Several years ago in Mongolia a pastor told me the story of a young family’s struggle. The husband had been killed in an accident. A year later his daughter also died, leaving his widow with a young son. This was a Christian family, but it was difficult for even Christian families to come around them to support them. Mongolia is a primarily Buddhist country with a belief in karma. Karma says that everything that happens to you is because of some good or bad thing you have done, either in this life or in a prior incarnation. If someone is poor or ill, society can automatically judge that they deserve the hardship they are facing. As a result, showing compassion to the needy is not a high value.
Belief in karma leads to the perspective that suffering is shameful. If you are suffering, you will sense have done something bad that you should be ashamed of. So people do their best to cover up any hardships they face, lest others see their shame. People may be reticent to see a doctor, and particularly fearful of losing face if a medical vehicle were to show up outside their home. While physical illness is seen as a source of shame, mental illness is seen as especially shameful. Those with physical handicaps, learning disabilities or mental illnesses may be kept at home, fearing a loss of face for the entire family if their shameful condition becomes public knowledge.
How did Jesus treat the sick and disabled? Jesus never shamed them. He had no problem rebuking people for adultery, theft, idolatry, injustice and dishonesty. Yet while he healed many sick people, he never once rebuked anyone for being sick.
So why do we face sickness and death? Why in particular are we having a pandemic today? Romans 5:12 gives us an answer: “Just as sin entered the world through one man, and death through sin, in this way death came to all men, because all have sinned.” In the Garden of Eden, Adam and Eve became mortal because of their sin. One of the many qualities we inherit through their DNA is mortality. Everybody dies because everybody is member of a mortal species. Some die young, some old, but all die. In that respect coronavirus doesn’t change anything at all. The death rate still remains at 100%.
Christians are not exempt. Romans 8:22-23 says, “We know that the whole creation has been groaning in the pains of childbirth right up to the present time. Not only so, but we ourselves who have the firstfruits of the Spirit, groan inwardly as we wait eagerly for our adoption as sons, the redemption of our bodies.” The entire universe is groaning. This is the Christian explanation for earthquakes, typhoons, supernovas and the death of plants and animals. People groan too, because we all get sick and die. Paul says that Christians are not exempt—we groan just like everyone else does. The death rate for Christians is 100%, just like for the general public. Many believers have died from coronavirus. That shouldn’t be surprising.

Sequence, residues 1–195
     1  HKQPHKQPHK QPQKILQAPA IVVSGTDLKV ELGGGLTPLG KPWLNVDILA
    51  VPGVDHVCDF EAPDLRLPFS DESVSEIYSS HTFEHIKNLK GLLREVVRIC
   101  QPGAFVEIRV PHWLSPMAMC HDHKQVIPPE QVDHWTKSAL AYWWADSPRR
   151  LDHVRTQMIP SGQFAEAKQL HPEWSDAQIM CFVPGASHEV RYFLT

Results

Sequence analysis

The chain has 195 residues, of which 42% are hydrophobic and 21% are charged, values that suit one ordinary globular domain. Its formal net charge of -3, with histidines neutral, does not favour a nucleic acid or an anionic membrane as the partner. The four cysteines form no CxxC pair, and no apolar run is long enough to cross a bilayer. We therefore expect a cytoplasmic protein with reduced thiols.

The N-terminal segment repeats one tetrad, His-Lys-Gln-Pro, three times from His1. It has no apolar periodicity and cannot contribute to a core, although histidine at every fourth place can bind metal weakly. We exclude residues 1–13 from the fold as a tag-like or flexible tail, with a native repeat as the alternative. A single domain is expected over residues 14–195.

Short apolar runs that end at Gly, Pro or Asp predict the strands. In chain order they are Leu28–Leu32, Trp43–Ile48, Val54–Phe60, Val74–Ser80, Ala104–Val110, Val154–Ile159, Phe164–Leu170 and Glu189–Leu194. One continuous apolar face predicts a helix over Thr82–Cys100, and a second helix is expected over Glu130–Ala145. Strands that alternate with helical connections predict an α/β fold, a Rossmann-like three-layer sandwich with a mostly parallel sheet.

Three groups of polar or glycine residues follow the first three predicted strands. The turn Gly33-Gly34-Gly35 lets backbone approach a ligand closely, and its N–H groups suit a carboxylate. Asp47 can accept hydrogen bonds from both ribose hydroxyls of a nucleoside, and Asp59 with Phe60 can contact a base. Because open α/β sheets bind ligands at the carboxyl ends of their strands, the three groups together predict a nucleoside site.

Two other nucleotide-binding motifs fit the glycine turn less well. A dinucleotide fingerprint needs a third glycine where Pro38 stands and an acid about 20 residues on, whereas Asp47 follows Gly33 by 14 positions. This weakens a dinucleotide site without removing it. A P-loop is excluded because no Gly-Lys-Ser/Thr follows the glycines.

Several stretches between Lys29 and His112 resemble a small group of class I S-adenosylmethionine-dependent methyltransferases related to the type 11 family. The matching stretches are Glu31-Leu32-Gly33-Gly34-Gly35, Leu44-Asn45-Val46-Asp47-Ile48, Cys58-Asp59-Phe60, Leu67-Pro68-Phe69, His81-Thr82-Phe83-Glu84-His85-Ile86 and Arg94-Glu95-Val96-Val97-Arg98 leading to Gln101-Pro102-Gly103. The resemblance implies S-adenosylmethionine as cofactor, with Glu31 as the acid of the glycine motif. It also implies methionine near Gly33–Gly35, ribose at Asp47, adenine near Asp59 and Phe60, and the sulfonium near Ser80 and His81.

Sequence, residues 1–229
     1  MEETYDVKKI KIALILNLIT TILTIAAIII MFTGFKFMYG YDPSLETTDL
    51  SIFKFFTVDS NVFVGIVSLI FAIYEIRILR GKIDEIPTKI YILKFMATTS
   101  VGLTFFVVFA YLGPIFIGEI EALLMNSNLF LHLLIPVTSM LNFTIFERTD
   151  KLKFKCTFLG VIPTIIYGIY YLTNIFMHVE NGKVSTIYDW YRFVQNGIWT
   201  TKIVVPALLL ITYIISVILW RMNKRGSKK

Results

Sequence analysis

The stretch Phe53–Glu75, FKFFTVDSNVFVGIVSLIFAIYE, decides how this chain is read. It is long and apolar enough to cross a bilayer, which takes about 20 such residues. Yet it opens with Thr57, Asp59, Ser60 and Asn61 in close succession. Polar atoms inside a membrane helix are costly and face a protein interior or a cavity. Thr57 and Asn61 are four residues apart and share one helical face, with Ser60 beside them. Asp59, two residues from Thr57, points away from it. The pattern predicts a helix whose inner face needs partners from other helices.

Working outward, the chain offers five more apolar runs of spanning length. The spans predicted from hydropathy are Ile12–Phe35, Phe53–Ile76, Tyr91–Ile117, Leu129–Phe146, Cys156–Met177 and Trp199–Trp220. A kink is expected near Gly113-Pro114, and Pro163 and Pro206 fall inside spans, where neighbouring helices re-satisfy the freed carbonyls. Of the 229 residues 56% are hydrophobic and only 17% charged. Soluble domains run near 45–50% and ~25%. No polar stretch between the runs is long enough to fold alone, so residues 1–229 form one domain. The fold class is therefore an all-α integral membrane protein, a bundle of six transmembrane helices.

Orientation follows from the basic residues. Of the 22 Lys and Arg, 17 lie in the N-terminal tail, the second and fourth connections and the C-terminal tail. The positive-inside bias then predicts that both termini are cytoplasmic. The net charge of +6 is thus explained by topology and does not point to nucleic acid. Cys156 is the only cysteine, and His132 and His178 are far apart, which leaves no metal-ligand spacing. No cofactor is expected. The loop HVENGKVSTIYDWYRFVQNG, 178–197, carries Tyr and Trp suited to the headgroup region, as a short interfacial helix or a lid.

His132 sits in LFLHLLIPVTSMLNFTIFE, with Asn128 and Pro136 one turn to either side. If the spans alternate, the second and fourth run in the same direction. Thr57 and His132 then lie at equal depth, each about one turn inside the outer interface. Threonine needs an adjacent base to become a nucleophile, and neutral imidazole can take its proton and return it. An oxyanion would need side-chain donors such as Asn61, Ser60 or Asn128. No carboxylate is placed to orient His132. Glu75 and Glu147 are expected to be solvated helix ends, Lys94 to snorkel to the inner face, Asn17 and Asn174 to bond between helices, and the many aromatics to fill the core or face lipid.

So is coronavirus a judgment for sin? If you mean in the general sense that everyone everywhere dies because we all do bad things, then coronavirus joins heart disease, cancer and other afflictions as one of the sources that brings about our mortality. But if your meaning is that the entire world has done unusually wicked things in 2020 and especially deserves suffering at this time, I cannot say. The entire human race has been self-centered throughout all generations.
Instead of viewing coronavirus as a judgment, I tend to see it as an alarm. Think of it like a police siren or a “bridge out” sign or a bad result from a blood test. These things scream at us and say “Something is wrong! Wake up! Red alert! You need to deal with this RIGHT NOW!” Many of us had peace and prosperity in the years leading up to 2020. Things were good, we were busy with many worthwhile pursuits and felt no urgent need for God. Now we are all aware of our medical and economic frailty. We perceive that we need God.
Far from simply being an act of divine anger, this pandemic is also an act of divine kindness to highlight a crisis more urgent than physical death. “Do not be afraid of those who kill the body but cannot kill the soul. Rather be afraid of the one who can destroy both body and soul in hell” (Matthew 10:28). Pandemic or not, we will all be dead in 100 years. If we turn from our evil deeds and follow Christ, we will spend eternity in the joys of heaven. Otherwise we will face the suffering of hell. To die in one’s 30’s of a pulmonary illness is a small price to pay to miss out on millennia of suffering.
Do you believe that God doesn’t care about the pain we face? Do you believe that God stands in heaven pointing an angry finger of judgment at us? Not at all. God handled the problem of global wickedness with a process we could call Reverse Karma. God took the only completely righteous person in human history, Jesus Christ, and poured out on him the punishment due everyone else. “He himself bore our sins in his body on the tree, so that we might die to sins and live for righteousness; by his wounds you have been healed” (1 Peter 2:24). Jesus could have stood by and ignored the shame of our suffering. Instead he took on himself both the pain and the shame that should have been ours. By doing this he opened the door that in heaven we can be delivered from all death, pain and wickedness. This is his gracious gift to us.